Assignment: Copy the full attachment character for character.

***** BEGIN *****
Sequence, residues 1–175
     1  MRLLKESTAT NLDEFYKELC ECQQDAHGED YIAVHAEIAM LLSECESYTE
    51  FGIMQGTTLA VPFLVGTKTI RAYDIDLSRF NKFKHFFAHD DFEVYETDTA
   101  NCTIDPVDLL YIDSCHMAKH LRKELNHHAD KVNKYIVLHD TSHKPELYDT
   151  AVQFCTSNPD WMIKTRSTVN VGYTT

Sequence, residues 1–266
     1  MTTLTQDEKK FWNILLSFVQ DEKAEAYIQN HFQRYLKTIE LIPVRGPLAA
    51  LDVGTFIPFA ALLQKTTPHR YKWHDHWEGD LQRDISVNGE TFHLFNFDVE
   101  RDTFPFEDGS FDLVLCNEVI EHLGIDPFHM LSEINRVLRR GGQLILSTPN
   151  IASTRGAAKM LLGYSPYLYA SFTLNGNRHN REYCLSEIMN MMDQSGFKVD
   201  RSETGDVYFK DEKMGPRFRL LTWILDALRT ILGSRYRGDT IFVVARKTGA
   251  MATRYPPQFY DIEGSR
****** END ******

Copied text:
Sequence, residues 1–175
     1  MRLLKESTAT NLDEFYKELC ECQQDAHGED YIAVHAEIAM LLSECESYTE
    51  FGIMQGTTLA VPFLVGTKTI RAYDIDLSRF NKFKHFFAHD DFEVYETDTA
   101  NCTIDPVDLL YIDSCHMAKH LRKELNHHAD KVNKYIVLHD TSHKPELYDT
   151  AVQFCTSNPD WMIKTRSTVN VGYTT

Sequence, residues 1–266
     1  MTTLTQDEKK FWNILLSFVQ DEKAEAYIQN HFQRYLKTIE LIPVRGPLAA
    51  LDVGTFIPFA ALLQKTTPHR YKWHDHWEGD LQRDISVNGE TFHLFNFDVE
   101  RDTFPFEDGS FDLVLCNEVI EHLGIDPFHM LSEINRVLRR GGQLILSTPN
   151  IASTRGAAKM LLGYSPYLYA SFTLNGNRHN REYCLSEIMN MMDQSGFKVD
   201  RSETGDVYFK DEKMGPRFRL LTWILDALRT ILGSRYRGDT IFVVARKTGA
   251  MATRYPPQFY DIEGSR